Requiring them to be armed with guns is a bad idea. Going around once a year and asking them "A student has started shooting people outside your classroom, your room is empty and you have a chance to stop them, what do you do?" and making sure they at least have a pencil to jab in the shooter's neck or a can of mace to blind them isn't a bad idea.

  • JFree||

    We've seen this show before. Remember the whining and yowling about the idea of letting airline pilots be armed, after 9/11?

    9/11 is what made me realize how incompetent we are since the advent of a volunteer standing army. We now view everything related to our defense as the job of 'specialists'. Those who are the loudest about the 2A also tend to view everyone around them as the enemy.

    Standing army was completely incompetent that day - and will always be so v asymmetric warfare.

    The passengers on the PA plane were able to quickly self-organize - but the only 'previously acquired skill' they possessed was being on sports teams in HS. The shoe and underwear bombers were also overcome by self-organizing passengers but those were lone-wolf attacks. One guy in first class on a Boston plane had military experience (Israeli?) but alone he was quickly eliminated.

    How much different if after 9/11, someone had said - the best solution is to overcome fear by training EVERYONE for different 'unexpected situations' that might require self-organizing. Instead it was - go shopping, we'll strip search everyone at airports, don't worry your pretty vacant heads.

  • Vincent Milburn||

    Arming pilots makes complete sense to me as you are already putting your life in the pilot's hands.

  • Michael Ejercito||

    Armed soldiers would be a much better idea.

  • LarryA||

    Military training stresses killing people and blowing up things, which is not what is needed.

    Neither military nor law enforcement training or philosophy is relevant to civilian self-defense.

  • BigT||

    Arm the wimpiest kids in the class. That way you stop bullying and school shootings at the same time! A two-fer.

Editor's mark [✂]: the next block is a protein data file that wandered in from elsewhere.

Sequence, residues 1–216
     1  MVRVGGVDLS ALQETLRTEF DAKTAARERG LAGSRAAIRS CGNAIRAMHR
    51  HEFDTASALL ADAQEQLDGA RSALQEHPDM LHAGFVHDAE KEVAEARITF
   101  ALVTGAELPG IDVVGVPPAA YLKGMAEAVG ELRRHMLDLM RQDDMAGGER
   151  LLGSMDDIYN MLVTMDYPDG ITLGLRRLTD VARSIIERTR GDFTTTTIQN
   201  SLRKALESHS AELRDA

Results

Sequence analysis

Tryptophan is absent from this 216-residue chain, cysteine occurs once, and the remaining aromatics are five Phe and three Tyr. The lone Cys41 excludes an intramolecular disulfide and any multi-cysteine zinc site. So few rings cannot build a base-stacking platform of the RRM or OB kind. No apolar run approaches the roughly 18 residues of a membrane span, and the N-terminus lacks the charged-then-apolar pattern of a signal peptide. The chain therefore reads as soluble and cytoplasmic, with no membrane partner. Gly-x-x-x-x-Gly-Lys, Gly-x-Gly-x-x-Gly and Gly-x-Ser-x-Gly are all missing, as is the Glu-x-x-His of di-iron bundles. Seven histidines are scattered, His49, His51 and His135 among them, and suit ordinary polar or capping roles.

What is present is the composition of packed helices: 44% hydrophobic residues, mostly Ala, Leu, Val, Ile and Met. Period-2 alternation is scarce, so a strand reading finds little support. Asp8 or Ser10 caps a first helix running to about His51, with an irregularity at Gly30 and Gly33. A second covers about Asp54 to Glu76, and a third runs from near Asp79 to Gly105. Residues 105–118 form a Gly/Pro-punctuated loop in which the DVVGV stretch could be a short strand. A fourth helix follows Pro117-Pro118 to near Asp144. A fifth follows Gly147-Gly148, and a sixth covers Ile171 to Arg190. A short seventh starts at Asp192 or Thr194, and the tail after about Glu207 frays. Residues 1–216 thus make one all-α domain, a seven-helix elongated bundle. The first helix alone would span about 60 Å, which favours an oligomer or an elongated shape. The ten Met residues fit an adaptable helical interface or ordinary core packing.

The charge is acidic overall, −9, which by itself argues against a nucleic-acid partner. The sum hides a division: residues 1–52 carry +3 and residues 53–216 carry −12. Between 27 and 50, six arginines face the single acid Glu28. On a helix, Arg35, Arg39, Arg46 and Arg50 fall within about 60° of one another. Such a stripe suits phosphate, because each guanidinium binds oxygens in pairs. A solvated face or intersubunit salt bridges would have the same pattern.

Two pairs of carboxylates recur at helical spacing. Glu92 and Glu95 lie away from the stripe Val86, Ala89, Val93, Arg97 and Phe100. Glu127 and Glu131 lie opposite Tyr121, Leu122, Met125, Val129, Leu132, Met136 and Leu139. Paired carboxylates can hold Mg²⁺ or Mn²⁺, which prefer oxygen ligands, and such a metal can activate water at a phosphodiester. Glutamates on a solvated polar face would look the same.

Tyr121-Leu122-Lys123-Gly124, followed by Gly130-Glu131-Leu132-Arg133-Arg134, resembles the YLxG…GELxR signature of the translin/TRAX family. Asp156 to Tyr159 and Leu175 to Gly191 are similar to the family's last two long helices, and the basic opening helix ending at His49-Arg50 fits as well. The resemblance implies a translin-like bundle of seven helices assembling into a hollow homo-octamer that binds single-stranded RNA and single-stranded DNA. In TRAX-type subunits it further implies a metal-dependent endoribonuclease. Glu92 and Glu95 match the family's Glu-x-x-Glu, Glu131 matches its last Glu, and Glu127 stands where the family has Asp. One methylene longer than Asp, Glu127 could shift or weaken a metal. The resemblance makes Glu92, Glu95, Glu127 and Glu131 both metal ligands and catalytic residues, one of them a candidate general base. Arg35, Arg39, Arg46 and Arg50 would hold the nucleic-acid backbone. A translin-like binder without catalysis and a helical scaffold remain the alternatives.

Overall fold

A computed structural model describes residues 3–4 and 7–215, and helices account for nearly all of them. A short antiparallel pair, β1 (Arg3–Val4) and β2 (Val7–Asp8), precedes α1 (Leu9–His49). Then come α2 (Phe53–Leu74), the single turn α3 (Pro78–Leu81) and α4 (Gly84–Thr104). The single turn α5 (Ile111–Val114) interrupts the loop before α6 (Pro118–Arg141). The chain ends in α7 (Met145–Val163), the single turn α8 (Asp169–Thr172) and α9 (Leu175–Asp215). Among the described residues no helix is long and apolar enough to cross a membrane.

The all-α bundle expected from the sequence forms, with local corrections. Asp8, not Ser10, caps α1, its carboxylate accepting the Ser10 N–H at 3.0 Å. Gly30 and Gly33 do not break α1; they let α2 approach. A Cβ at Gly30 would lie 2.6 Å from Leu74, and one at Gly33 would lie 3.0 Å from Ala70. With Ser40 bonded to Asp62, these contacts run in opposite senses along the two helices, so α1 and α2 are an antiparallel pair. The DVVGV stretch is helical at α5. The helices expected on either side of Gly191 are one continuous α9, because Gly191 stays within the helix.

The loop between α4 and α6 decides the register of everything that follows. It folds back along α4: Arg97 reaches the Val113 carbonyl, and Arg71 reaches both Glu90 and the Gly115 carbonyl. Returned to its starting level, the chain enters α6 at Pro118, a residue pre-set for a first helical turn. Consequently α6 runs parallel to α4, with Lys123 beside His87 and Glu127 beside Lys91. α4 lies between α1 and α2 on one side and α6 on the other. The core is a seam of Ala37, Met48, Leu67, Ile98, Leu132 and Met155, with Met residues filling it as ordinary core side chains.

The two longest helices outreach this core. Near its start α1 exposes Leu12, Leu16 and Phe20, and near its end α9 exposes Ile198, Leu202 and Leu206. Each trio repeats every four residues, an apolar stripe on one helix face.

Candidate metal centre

• Flinch||

    The gang bangers are armed in LA. I notice a columbine type incident is generally never attempted there.

  • Ecoli||

    Arm the drama club, and the AV club. Do schools still have those?

  • jelabarre||

    Arm the drama club, and the AV club. Do schools still have those?

    I laugh when people think the kids in the AV department were all the wimps and geeks. In my HS (rural area, late 70's) they were more the troublemakers. And the equipment was perfectly safe, because no one dared mess with *their* turf. *Outside* of school, their hobbies included B&E.

  • Peter||

    IIRC Israel armed it's teachers in response to terror attacks on school children. Afterwards the only major incident was when the teachers were asked to disarm out of respect for a peace monument they were visiting on a field trip.
    You can guess how that turned out when they did.

  • Flinch||

    Caliber doesn't matter at close range. Aim does.

  • Longtobefree||

    When you can jam the muzzle into the perp's gut, only pulling the trigger matters

  • mchughjj||

    I appreciate John Stossel's take on most things. Normally, he backs up with data things we shouldn't worry about. He wouldn't dare try on this subject. The idea that there would be less gun violence if we had more guns in the hands of the 'good guys' is based on nothing but a love by some for guns. The US has a deplorable record with gun violence and the most lax gun laws in the world.

    I don't own a gun and don't want to take guns away from responsible owners, BUT suggesting that arming teachers is a positive step towards stopping school massacres is not just hare-brained...it makes the libertarian brand appear to be a collection of nuts.

  • LarryA||

    Except that where faculty carry being tried, it's working, at least in the sense that faculty are carrying and not causing any problems. Do you have data showing the opposite?

    U.S. "gun violence" as well as all criminal violence has been steadily dropping since 1993 (check the FBI statistics), even as gun ownership has soared and the number of people with licenses to carry has exceeded 16,000,000. Most U.S. "gun violence" is concentrated in certain neighborhoods of cities where legal ownership of firearms is limited, not in rural areas where gun ownership is prevalent.

  • Longtobefree||

    What a concept. Respecting the constitutional rights of a teacher. Whodathunkit?

  • BlueStarDragon||

    Personally why do we still have schools now anyway. We should start encouraging parents to have their kids learn on the internet like some colleges do and their are free high school levels classes already out their like Khan academy. That will also save money from building 25 million dollars schools, not counting money save in not paying a lot of teachers, busing, heating and electricity.